Commentary: What’s wrong with the Singaporean accent?

Commentary: What’s wrong with the Singaporean accent?

It is time to own the English language and be proud of what we have made of it. What we need to change is not our Singaporean accent, but our attitudes toward it, says one linguistics expert.

Two young women talking.
Two young women talking. (Photo: Unsplash/Trung Thanh)

SINGAPORE: Call it an occupational interest, I have always been curious about people’s accents.

Accents offer us glimpses into a speaker’s life, and can give us information about the speaker’s background.

Just like how one can tell if a person is American, British, Filipino, Indian, or French, just from the way the speaker sounds when speaking English, a Singaporean speaker of English can also be easily identified.

The Singaporean accent has always been a distinctive feature of Singapore English speakers and I am not talking about Singlish here.

MORE SINGAPOREANS SPEAKING WITH A ‘FOREIGN ACCENT’

In recent years however, I have noticed that some Singaporeans are speaking English with a somewhat “foreign” accent. I have also received queries from concerned observers about why more and more Singaporeans are sounding “fake”.

I recall vividly a student, Tom (not his real name), in my Anthropological Linguistics class a few years ago. Tom stood out because he sounded somewhat unusual.

I could not place him because his accent was not Singaporean, but it was also not American, British, Australian, or any of the accents I am familiar with.

It was a strange combination of a number of different accents, and I also thought it odd that his “accent rojak” had slightly different flavours week on week. Some weeks he sounded a little more American, sometimes a little more British, and on some occasions Australian.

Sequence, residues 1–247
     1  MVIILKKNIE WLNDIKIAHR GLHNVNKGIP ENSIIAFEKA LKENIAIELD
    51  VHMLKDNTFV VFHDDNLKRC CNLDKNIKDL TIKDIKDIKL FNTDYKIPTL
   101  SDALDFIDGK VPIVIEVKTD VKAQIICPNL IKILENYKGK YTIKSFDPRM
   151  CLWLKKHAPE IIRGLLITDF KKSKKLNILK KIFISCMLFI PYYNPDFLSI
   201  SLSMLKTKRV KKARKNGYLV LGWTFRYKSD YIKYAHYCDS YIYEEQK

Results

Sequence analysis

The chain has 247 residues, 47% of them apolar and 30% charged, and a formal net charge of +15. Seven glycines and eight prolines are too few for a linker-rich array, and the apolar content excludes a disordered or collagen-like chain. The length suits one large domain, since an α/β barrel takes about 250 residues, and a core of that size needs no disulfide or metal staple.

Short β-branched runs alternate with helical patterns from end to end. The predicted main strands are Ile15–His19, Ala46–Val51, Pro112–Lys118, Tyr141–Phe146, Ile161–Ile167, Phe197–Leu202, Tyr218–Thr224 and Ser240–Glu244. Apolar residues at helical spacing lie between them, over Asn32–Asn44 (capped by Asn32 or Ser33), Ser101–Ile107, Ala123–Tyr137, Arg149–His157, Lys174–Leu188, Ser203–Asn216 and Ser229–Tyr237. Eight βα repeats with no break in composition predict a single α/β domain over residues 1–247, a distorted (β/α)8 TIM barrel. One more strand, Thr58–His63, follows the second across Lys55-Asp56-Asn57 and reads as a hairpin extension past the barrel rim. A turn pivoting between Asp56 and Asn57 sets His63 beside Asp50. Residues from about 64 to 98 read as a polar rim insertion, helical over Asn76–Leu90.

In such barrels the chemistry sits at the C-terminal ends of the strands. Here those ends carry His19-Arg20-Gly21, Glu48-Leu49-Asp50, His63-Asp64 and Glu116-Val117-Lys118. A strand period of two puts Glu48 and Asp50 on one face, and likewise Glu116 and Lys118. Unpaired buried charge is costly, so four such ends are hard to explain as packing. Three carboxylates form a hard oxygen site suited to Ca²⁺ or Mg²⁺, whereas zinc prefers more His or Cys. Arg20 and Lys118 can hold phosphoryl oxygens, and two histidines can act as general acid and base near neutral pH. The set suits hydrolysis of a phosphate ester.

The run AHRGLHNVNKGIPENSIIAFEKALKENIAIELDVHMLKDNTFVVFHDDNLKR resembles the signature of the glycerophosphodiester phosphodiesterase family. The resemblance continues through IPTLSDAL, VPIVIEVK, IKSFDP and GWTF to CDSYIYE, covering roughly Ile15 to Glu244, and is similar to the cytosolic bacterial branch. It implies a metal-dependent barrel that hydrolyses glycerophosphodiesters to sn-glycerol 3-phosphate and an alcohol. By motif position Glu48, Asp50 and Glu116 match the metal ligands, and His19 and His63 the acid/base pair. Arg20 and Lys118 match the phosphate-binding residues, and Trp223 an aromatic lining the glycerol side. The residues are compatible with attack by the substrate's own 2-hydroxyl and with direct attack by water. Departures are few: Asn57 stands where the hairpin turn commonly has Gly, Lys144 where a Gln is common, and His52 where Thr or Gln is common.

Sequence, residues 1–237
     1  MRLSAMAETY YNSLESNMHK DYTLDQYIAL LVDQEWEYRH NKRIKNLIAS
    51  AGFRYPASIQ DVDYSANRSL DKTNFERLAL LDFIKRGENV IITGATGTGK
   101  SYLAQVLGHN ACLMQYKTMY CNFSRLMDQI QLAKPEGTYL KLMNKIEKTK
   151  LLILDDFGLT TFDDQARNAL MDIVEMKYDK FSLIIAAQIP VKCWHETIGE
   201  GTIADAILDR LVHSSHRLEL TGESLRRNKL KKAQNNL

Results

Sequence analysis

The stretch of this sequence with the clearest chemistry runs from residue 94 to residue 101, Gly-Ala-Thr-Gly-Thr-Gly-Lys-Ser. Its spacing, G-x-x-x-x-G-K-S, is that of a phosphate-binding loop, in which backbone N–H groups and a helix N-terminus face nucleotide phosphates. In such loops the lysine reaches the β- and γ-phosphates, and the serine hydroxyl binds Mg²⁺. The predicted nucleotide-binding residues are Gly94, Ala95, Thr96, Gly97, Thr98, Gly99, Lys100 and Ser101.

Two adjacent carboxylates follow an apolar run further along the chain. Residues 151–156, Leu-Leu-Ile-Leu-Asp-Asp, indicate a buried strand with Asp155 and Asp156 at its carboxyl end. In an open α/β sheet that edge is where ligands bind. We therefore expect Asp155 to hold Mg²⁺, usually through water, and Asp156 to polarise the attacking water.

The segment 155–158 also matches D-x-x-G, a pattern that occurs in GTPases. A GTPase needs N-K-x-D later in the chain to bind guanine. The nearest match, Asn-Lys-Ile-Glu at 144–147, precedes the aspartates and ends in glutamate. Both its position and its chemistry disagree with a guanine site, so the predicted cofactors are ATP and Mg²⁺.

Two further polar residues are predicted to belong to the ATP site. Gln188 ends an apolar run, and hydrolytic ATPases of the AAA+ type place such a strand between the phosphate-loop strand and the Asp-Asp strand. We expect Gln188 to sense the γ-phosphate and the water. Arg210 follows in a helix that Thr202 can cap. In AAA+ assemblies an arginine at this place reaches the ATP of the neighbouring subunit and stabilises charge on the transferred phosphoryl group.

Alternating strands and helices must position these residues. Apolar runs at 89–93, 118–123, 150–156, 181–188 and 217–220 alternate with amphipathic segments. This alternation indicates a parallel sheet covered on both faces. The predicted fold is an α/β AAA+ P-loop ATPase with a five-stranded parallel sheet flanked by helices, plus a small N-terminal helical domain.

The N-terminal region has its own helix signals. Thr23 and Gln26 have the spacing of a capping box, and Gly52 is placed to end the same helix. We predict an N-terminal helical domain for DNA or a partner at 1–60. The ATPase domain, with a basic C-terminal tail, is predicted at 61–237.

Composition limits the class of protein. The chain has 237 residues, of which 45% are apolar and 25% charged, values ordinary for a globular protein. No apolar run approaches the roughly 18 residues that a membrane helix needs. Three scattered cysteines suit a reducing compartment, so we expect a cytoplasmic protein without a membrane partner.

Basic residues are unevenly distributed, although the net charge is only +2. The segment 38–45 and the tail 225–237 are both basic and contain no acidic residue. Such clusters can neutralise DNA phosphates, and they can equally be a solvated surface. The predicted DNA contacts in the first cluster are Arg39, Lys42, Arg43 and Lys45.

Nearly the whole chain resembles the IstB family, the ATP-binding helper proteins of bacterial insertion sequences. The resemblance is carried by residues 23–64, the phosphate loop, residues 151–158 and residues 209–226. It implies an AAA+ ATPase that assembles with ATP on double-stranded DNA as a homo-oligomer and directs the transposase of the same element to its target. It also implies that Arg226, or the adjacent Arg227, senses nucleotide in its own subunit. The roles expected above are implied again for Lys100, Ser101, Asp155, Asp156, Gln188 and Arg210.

man with glasses at workplace
(Photo: Unsplash/rawpixel)

I was intrigued, and I had to know his story.

“Are you Singaporean, Tom?” Of course, he answered proudly.

“Are your parents Singaporean?” Yes, he said.

“Have you always studied and lived in Singapore, Tom?”

“Yes ...” his answer more hesitant now, perhaps knowing where I was going with this line of questioning.

Putting the strange accent aside, Tom was your typical young Chinese Singaporean in a local university reading a degree. His parents were both Chinese Singaporean. Tom and his family had also not lived outside of Singapore.

Tom’s story is in fact not unusual. Every semester, I come across a couple of students who are exactly like Tom, and the numbers are growing. How then did Tom (and others) get the accent, and why did he speak with this strange “foreign” accent?

LEARNT ACCENTS

Accents can be learnt. Hollywood actors go for accent training with dialect coaches when they have to take on roles that require them to sound a certain way.

Without the help of professional coaches, Singaporeans like Tom learn to speak in a “foreign” accent mostly from what they hear on television and radio programmes.

With easy access to the internet, cable TV and Netflix, young Singaporeans are constantly exposed to programmes that showcase Hollywood stars who, by and large, speak either American or British English.

And as young Singaporeans try to learn from what they hear on these programmes, they pick up features of speech that they may find particularly attractive, usually in a random fashion.

This kind of accent adoption is at best, a kind of mimicry. Mimicry, unfortunately, is an imperfect form of learning; and the copycat is never the real deal.  

netflix logo website on laptop screen
People learn to speak in a “foreign” accent mostly from what they hear on television and radio programmes. (Photo: Unsplash/Charles Deluvio)

PROFOUND LINGUISTIC INSECURITY

But what is so wrong with the Singaporean accent that some young people, like Tom, feel the need to adopt a pseudo-foreign accent? These speakers, linguists such as William Labov would say, are motivated by “a profound linguistic insecurity”.